Rupert Murdoch’s Twitter profile has polarised his followers — but do his brash 140-characters-or-less posts signal the rise of “tweetorialising”?
From US politics to climate change, the 82-year-old News Corp executive is remarkably uninhibited on social media. He’s also fairly prolific; since signing up on December 31, 2011, he’s tweeted a total of 1035 times (197 times so far this year).
By far, Murdoch’s favourite topic of discussion is US politics, such as his most recent tweet, on the Obama administration’s immigration policy, yesterday.
Of the 223 tweets he’s written since this time last year, around 9.5% are on politics in the States — anywhere from President Barack Obama’s (“O’s”) Middle East policy to the New York mayoral elections.
He was particularly scathing about Obama’s failure to take immediate, military action in Syria:
Other favourite topics over the past year include immigration (4.5%), climate change (3%) and #auspol (almost 2%). The rest of his tweets are a motley mix of musings of UK politics, the media and even his family.
Twitter has become an established online space for people — especially media-types — to air their views. But what does it mean when somebody as powerful as Rupert Murdoch takes to Twitter like this?
According to Stewart Dawes, social media expert and director of Atomic Digital Marketing, Murdoch is at the very least spicing up a social medium that’s at risk of becoming increasingly irrelevant.
“Love him or loathe him, Murdoch is one of the few people helping Twitter remain vaguely interesting,” he told Crikey. “He’s giving us bite-size daily opinions perfect for our fast-food constitutions.”
You might remember Murdoch’s Twitter tirade against Labor during the lead-up to this year’s federal election, when he lambasted Kevin Rudd’s campaign as “convincing nobody”.
That led Kevin Rudd’s daughter, Jessica, to bite back with this sardonic retort:
Murdoch would have been accustomed to making headlines for his provocative tweets by then. In August, he applauded a UK rabbi who denigrated multiculturalism, saying Muslims in particular “find it hardest” to integrate into Western societies.
He’s also raised the ire of Scientologists labelling the religion as a “weird cult” with “big, big money involved” in July last year. The public backlash didn’t faze Murdoch, who defended his position in a follow-up tweet later that same day.
“Twitter gives the irascible, table-thumping Murdoch … a means by which to ongoingly explain himself to the audience who chooses to regard him as relevant, even fascinating,” Dawes said.
And Murdoch can be particularly uncensored on Twitter due to his profile, says Darryl Woodford, postdoctoral fellow at QUT’s Centre of Excellence for Creative Industries and Innovation.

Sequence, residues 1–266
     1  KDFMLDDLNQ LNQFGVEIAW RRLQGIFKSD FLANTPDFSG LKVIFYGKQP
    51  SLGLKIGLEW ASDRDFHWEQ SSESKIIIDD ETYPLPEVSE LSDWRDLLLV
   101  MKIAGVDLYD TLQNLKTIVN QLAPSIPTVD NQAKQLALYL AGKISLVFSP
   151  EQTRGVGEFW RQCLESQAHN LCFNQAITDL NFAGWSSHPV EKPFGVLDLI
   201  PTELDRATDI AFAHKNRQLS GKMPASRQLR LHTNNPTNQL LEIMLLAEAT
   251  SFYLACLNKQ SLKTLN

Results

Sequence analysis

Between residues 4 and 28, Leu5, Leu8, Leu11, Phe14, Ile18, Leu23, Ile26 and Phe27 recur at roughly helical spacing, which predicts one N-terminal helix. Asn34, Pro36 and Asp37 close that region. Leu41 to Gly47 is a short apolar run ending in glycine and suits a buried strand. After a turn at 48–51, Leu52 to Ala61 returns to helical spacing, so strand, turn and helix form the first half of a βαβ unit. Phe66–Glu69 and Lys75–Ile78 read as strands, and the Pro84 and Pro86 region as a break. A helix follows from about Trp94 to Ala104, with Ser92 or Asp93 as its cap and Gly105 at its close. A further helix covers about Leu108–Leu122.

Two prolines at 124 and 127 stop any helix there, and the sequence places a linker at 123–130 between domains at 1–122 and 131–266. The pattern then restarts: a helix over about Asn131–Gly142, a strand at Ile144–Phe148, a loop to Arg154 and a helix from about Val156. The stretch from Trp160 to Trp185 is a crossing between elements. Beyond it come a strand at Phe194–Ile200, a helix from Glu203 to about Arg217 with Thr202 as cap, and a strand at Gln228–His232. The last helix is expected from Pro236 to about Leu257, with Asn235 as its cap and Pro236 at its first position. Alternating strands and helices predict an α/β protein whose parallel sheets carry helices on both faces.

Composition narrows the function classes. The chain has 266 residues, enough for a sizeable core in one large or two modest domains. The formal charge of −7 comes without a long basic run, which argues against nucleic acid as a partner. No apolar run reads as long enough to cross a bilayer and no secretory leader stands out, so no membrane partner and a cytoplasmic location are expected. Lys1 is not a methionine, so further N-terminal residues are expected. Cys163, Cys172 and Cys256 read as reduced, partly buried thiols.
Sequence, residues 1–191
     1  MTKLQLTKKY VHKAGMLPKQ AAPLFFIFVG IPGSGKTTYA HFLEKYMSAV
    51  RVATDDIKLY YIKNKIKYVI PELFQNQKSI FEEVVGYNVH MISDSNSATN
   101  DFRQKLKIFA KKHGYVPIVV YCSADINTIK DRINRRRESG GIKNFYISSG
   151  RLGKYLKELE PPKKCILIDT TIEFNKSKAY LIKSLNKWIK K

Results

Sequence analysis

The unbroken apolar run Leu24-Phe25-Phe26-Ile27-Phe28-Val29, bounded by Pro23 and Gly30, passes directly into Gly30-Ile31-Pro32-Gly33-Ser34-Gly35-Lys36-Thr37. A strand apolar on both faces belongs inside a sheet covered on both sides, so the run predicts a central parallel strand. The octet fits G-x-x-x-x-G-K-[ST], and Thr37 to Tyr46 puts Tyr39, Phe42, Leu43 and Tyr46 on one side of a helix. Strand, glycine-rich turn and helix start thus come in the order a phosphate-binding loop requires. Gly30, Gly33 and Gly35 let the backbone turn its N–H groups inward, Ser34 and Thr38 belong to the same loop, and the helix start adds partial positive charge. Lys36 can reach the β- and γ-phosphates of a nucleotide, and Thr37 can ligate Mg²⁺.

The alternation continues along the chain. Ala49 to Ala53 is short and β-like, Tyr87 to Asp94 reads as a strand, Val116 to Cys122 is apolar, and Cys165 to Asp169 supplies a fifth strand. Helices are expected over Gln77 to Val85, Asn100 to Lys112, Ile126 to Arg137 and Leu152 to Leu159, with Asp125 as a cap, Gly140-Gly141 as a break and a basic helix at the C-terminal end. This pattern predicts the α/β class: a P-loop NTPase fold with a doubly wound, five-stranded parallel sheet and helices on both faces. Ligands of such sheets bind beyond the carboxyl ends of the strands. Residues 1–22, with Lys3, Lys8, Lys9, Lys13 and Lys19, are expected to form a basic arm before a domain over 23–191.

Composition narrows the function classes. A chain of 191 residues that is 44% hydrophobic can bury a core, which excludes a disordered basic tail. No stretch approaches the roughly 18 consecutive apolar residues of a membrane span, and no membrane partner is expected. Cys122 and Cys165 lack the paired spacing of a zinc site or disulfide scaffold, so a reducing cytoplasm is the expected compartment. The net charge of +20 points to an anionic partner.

“Whether that hurts or helps his profile is up for debate, and may depend on your political leaning,” he told Crikey. “The [risks] are probably slightly different for Murdoch than your average Twitter user. He’s not as likely to get fired.”
Woodford points out that Murdoch is quick to delete tweets that might be seen to harm his reputation.Yet there are multiple examples of where he’s made a mistake and retracted his comment in a follow-up tweet (like that time he said his mum had died at age 193).
Is it all part of his cleverly crafted Twitter persona as a daggy granddad playing around on social media?
“His messy double spaces after full stops or spaces before commas add to the chaotic tone. What’s he going to tweet next? No idea, though it will be cantankerously Right-of-centre, said Dawes. “The Murdoch-tweeting phenomenon has that one-off historical quality to it. Myspace was an out-of-the-box Murdoch train-wreck, Murdoch on Twitter is feeling like a train wreck in extreme slow motion.”
It’s the kind of slow-motion train-wreck that people seem unable to turn away from. Murdoch now has in excess of 477,000 followers. To put that in context, he’s lagging behind Katy Perry’s 46 million and One Direction’s 16 million, but it’s still got almost double Prime Minister Tony Abbott’s 258,000. He only follows 72 people, including singer will.i.am.
Fun and games aside, can we glean any lessons about Twitter or Rupert Murdoch himself from his Twitter profile (Aside from the fact that he likes Bill Cosby, Vice Media and Life of Pi)? He failed to reply to our tweet asking for his advice to social media hatchlings, but we’ve compiled some of his best tweets into a best-of list for you — from the cryptic to the compelling to the ever-so-slightly creepy.